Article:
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Blackbuck verdict: Why the court turned down Salman Khan's plea for leniency

The prosecution told the court that Khan had killed the blackbucks 'for fun', but the court also had other considerations in ruling against the film star.

, ET Bureau|
Updated: Apr 06, 2018, 11.42 AM IST
Blackbuck verdict: Why the court turned down Salman Khan's plea for leniency

Salman Khan shot dead two endangered Black Bucks knowing well that he is a major film star and common people could emulate his act, the Jodhpur court has ruled in its judgement sending the filmstar behind bars with a 5-year sentence.

The court said that though Salman Khan has been acquitted in all other cases by the High Court, the rising incidents of hunting of endangered animals makes it imperative that strict punishment be given given the evidences and circumstances of the said case and no leniency be shown to him.

The prosecution told the court that Khan had killed the black bucks "for fun". Pleading for leniency, Khan had told the court that he has been suffering the case for 20 long years and that if he was sent to jail, it could affect the livelihood of many families associated with the film industry since he is a major film star. The prosecution however argued that Khan had been convicted in two earlier cases too by lower court though he was acquitted later in the High Court but appeals had been filed against these acquittals in the Supreme Court where they were pending. "He faced another case of a hit-and-run in Mumbai," the prosecution told the court.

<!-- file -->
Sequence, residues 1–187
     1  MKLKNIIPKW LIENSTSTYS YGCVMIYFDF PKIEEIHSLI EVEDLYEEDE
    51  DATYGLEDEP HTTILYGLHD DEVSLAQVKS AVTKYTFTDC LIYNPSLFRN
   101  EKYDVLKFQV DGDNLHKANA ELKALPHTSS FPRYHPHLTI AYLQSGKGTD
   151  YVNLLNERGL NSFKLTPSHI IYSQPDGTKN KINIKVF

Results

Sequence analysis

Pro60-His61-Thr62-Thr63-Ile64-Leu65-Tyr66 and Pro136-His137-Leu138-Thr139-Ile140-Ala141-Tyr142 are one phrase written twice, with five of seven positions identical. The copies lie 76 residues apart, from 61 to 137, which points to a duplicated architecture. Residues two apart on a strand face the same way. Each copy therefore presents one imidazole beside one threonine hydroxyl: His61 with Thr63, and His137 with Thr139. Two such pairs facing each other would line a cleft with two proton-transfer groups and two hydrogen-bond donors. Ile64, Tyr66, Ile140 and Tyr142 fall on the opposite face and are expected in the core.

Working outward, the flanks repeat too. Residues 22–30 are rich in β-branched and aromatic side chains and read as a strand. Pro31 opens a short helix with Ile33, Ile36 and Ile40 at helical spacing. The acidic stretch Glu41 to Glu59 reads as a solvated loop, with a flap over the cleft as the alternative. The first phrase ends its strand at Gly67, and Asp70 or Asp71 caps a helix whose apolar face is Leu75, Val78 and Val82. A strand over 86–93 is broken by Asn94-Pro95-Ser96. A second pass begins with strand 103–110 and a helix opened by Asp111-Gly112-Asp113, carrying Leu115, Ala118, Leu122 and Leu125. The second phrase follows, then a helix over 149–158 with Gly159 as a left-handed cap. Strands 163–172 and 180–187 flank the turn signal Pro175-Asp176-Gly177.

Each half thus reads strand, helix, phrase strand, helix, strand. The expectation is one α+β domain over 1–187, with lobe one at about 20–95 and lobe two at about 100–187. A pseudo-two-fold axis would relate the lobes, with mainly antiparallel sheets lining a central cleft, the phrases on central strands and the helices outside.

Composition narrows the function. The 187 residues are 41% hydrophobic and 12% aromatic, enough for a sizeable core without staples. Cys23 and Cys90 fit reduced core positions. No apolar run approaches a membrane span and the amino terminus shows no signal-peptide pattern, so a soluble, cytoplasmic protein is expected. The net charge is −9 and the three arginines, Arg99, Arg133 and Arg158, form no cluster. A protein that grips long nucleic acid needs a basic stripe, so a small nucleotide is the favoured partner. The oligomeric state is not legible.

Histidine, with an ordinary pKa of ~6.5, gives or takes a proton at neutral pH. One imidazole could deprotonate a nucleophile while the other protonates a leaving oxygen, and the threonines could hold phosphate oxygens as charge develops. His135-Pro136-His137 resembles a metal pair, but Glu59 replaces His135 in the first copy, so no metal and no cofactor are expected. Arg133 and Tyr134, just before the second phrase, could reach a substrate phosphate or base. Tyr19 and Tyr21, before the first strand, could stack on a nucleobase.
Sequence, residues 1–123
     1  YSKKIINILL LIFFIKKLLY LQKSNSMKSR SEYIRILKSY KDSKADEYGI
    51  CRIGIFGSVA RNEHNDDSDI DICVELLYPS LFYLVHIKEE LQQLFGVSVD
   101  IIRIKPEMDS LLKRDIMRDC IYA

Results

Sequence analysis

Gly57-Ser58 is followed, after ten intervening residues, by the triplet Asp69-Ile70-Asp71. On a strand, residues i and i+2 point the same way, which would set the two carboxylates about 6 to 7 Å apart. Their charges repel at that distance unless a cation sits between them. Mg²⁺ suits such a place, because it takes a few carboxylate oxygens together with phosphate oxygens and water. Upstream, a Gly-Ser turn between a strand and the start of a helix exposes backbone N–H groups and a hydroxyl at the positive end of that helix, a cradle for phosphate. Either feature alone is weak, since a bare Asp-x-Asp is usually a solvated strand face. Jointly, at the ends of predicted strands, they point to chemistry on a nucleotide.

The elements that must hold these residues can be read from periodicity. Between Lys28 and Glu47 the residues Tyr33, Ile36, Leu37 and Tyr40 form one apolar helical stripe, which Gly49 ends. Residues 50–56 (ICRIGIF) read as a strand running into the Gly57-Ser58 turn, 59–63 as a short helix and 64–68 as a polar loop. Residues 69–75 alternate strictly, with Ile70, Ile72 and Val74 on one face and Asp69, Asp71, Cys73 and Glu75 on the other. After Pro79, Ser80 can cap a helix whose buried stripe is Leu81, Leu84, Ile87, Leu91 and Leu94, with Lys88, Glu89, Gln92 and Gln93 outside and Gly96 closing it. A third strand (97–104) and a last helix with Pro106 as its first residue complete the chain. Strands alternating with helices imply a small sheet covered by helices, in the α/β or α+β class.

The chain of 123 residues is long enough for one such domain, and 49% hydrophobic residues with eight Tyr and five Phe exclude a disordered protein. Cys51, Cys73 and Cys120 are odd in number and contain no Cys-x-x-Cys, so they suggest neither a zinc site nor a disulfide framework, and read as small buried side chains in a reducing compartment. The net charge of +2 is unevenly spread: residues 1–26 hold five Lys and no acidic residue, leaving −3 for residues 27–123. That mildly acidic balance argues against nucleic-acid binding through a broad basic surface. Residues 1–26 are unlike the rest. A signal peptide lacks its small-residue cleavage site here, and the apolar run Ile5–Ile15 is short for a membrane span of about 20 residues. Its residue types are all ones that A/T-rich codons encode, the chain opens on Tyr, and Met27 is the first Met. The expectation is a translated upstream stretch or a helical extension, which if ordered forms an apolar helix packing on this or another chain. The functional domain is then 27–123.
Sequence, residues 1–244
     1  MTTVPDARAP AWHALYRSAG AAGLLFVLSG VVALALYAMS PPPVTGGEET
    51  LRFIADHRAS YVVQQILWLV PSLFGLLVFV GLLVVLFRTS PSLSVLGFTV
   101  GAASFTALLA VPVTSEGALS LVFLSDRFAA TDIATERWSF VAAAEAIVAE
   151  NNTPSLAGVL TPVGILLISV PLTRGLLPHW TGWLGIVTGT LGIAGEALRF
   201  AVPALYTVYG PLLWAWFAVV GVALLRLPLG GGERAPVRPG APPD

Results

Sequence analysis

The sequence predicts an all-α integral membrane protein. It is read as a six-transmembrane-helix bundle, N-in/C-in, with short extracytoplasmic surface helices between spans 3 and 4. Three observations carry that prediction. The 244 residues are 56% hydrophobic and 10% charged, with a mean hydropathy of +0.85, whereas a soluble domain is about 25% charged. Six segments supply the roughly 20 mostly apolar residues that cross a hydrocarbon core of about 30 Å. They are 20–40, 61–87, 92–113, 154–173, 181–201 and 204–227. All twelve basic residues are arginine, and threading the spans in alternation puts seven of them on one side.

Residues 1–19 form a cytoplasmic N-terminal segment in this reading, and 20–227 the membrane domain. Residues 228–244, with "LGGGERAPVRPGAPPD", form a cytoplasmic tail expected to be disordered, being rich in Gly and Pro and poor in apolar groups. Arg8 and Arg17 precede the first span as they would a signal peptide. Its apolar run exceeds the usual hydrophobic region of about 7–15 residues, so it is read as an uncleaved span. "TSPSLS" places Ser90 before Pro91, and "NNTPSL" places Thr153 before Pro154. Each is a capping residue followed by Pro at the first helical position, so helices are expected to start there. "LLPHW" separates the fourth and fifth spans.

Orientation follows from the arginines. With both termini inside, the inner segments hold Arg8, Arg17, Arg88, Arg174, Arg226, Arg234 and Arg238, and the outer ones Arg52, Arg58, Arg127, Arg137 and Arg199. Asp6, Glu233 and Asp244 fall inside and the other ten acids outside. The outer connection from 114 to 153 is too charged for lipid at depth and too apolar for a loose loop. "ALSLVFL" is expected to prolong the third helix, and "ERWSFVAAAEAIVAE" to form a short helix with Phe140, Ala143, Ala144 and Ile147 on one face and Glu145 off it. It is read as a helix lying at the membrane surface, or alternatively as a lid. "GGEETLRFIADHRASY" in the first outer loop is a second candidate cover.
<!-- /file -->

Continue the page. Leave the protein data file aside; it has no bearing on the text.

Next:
The court judgement says the prosecution was "able to prove beyond doubt" that Khan had shot dead the two black bucks between 1 am and 2 am on October 2, 1998 but was not able to prove that Saif Ali Khan, Tabu, Neelam or Sonali Bendre were present at the spot or instructed Salman to fire at the black bucks.

The court judgement says that though one witness said Saif Ali Khan was seated on front seat of a gypsy , the witness did not say that Saif Ali Khan had asked Salman to fire at the black bucks after spotting them. The court said the presence of the others at the spot was not conclusively proved and anyways common intention on their part to kill the black bucks did not stand proved. Hence, the others were given benefit of doubt.

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